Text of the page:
oyez, oyez, oyez!

You don’t see them anymore or hear them anymore. They’ve been replaced by newspapers, television, radio, internet, or any other of the countless ways that we rely upon in order to feed our appetite for news. At one time though, the Town Crier held a pretty important position. I guess he can be viewed as one of the first “newscasters".

It’s believed that the origin of the Town Crier can trace its roots back to Ancient Greece when they were called heralds. In order to communicate with the masses, the Greek government would set forth said herald when events were deemed newsworthy or noteworthy. Usually these included proclamations of war, proposals of truce, or that an armistice had been declared.

The most famous of these heralds was a Greek warrior who went by the name of Stentor (hence the origin of the word stentorian). Legend had it that Stentor’s lungs were so powerful that his voice was as loud as that of 50 men. He was used to make announcements during the Trojan War.

But enough about the Greeks, when I think about Town Criers my mind immediately goes to England. It’s believed that the use of Town Criers dates back to the times of the Norman Conquest when most of the citizenry was illiterate and had to have the news read to them.

The folks appointed as Town Criers were usually upstanding or respected members of the community. First of all, they had to be able to read and write and a loud voice was considered a bonus. They were often bedecked in their finest clothes when the occasion warranted the reading of the news. Often a husband and wife were chosen, the wife would ring the customary bell thereby serving notice to the masses that breaking news was about to occur, the husband then would report the events of the day.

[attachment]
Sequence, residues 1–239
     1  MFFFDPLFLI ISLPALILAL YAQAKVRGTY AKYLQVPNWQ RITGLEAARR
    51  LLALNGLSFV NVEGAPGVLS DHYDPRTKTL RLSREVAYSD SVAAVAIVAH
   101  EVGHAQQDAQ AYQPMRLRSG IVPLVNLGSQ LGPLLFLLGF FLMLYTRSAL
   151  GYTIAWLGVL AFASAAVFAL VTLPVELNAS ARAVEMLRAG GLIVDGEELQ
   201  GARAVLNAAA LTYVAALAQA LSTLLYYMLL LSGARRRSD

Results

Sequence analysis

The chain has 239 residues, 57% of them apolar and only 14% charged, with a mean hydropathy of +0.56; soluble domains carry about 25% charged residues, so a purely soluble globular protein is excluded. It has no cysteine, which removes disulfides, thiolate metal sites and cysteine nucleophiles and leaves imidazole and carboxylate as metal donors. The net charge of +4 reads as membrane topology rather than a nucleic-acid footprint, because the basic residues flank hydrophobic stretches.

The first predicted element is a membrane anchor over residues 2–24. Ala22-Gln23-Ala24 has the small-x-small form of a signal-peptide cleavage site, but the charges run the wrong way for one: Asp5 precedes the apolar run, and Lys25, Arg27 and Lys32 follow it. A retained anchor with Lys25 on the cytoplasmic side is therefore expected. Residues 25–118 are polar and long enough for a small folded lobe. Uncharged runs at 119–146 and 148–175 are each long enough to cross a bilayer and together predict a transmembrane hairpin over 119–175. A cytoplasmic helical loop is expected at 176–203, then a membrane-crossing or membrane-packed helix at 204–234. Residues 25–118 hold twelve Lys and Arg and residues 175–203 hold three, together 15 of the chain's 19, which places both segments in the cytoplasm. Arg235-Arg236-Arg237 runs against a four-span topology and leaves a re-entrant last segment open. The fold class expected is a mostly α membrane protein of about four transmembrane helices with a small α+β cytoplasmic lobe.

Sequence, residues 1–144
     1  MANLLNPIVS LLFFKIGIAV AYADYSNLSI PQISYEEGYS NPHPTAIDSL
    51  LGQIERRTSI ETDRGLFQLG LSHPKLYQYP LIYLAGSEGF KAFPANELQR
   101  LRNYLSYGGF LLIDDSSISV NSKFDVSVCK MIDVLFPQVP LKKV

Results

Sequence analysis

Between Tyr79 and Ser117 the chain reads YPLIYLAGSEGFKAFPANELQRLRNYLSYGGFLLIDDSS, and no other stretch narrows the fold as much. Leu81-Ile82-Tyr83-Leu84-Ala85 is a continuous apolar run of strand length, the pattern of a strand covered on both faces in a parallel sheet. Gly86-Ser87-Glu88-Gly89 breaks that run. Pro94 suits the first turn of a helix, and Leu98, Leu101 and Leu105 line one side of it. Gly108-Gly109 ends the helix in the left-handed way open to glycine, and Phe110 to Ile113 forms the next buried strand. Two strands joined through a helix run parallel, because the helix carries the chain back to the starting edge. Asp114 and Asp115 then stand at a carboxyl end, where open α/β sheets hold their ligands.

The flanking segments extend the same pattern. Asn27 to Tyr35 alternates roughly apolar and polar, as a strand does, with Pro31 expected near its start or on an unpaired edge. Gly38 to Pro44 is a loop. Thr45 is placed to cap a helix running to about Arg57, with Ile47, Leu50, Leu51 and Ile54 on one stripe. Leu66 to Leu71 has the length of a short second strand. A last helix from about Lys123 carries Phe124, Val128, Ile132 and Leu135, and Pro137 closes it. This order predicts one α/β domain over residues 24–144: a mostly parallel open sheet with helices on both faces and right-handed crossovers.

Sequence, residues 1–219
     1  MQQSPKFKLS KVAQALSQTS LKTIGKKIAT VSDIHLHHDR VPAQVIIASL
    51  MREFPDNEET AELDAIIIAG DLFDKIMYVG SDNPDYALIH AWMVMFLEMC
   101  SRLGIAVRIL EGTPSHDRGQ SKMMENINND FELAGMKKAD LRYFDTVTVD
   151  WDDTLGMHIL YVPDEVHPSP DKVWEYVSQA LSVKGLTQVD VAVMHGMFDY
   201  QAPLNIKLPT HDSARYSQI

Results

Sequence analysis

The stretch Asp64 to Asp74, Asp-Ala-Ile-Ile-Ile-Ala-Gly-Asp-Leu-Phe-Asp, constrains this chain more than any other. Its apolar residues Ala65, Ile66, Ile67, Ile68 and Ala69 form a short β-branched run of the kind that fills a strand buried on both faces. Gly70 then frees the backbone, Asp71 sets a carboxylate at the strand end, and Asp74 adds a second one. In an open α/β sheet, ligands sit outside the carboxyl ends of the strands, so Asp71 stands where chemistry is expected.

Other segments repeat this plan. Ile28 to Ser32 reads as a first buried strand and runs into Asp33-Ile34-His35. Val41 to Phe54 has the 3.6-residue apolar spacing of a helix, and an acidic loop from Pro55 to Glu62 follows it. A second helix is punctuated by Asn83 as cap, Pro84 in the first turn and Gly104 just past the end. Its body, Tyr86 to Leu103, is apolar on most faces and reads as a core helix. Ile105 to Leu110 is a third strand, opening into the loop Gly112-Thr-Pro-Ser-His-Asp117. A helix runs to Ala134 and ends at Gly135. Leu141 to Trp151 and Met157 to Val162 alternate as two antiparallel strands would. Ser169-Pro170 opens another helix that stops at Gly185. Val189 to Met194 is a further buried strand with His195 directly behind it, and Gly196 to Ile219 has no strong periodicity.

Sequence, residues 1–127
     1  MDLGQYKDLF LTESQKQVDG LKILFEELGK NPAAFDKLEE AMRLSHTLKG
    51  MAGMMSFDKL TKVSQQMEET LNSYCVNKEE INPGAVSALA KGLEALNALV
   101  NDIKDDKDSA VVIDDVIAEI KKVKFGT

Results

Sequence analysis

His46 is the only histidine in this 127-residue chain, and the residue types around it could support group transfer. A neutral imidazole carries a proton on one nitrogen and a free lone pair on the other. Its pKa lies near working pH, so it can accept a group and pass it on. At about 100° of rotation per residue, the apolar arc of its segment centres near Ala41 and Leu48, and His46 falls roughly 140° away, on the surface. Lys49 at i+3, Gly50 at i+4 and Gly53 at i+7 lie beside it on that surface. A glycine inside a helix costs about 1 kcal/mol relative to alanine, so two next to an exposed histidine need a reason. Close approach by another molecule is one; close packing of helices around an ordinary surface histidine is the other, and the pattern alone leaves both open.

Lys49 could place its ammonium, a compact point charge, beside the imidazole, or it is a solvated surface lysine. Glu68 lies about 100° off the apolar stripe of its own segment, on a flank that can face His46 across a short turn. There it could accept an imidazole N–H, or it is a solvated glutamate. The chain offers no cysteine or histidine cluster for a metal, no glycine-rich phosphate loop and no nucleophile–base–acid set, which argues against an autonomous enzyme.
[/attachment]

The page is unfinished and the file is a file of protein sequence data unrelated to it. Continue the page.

A Couple of Tidbits

Okay, we’ve probably all used or at least heard of the term “Don’t shoot the messenger”. One school of thought is that the origin can be traced to the Town Crier. In most cases, the Crier was appointed by some sort of royalty and thereby was afforded a degree of royal protection. If one was to indeed, “Shoot the messenger” over something they disagreed with, one would surely incur the wrath of the local authorities and face stiff penalties. I guess the Town Crier, if they had a motto, might be “Hey, I don’t make the news, I only report it.”

We’ve all probably heard of newspapers with the word “Post” in the title. The Washington Post, the New York Post and the Saturday Evening Post all come immediately to mind. You can thank the Town Crier for that. It seems that after reading their proclamations to the assembled masses, they would then nail it to a doorpost, usually at an inn or tavern. Anybody then desiring to read it would head down to the “post” to keep abreast of daily matters.

Each proclamation ended with the words “God Save The Queen!”

I guess one can still see Town Criers at such things as Renaissance Festivals and the like but for the most part, they’ve vanished from everyday life. Just another little bit of history that the modern world has swallowed up I guess.

Town" cri`er (?), n.

A town officer who makes proclamations to the people; the public crier of a town.


© Webster 1913.

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